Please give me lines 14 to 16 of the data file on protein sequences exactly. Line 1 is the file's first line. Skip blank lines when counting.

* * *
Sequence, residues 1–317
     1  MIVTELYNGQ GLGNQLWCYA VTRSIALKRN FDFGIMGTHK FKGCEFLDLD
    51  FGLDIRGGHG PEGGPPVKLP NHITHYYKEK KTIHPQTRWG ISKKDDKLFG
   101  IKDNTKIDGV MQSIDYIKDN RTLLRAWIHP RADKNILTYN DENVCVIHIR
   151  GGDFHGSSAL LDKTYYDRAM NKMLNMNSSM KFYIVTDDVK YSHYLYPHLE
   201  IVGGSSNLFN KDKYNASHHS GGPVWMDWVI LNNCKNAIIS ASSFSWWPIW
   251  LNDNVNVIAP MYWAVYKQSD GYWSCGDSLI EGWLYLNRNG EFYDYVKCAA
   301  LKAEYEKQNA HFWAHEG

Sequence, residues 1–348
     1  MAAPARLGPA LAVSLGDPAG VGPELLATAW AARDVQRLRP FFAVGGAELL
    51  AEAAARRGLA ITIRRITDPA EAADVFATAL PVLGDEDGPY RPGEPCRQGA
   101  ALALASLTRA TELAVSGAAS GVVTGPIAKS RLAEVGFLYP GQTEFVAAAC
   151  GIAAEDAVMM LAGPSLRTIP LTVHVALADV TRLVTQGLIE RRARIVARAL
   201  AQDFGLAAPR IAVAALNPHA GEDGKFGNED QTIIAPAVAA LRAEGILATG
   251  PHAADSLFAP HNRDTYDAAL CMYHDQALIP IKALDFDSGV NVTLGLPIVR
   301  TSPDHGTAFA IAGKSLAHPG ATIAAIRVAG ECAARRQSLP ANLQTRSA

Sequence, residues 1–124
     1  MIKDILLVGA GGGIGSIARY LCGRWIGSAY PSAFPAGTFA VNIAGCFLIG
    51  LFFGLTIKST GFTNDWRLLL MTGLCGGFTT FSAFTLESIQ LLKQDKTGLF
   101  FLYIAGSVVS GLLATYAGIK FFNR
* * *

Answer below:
   201  AQDFGLAAPR IAVAALNPHA GEDGKFGNED QTIIAPAVAA LRAEGILATG
   251  PHAADSLFAP HNRDTYDAAL CMYHDQALIP IKALDFDSGV NVTLGLPIVR
   301  TSPDHGTAFA IAGKSLAHPG ATIAAIRVAG ECAARRQSLP ANLQTRSA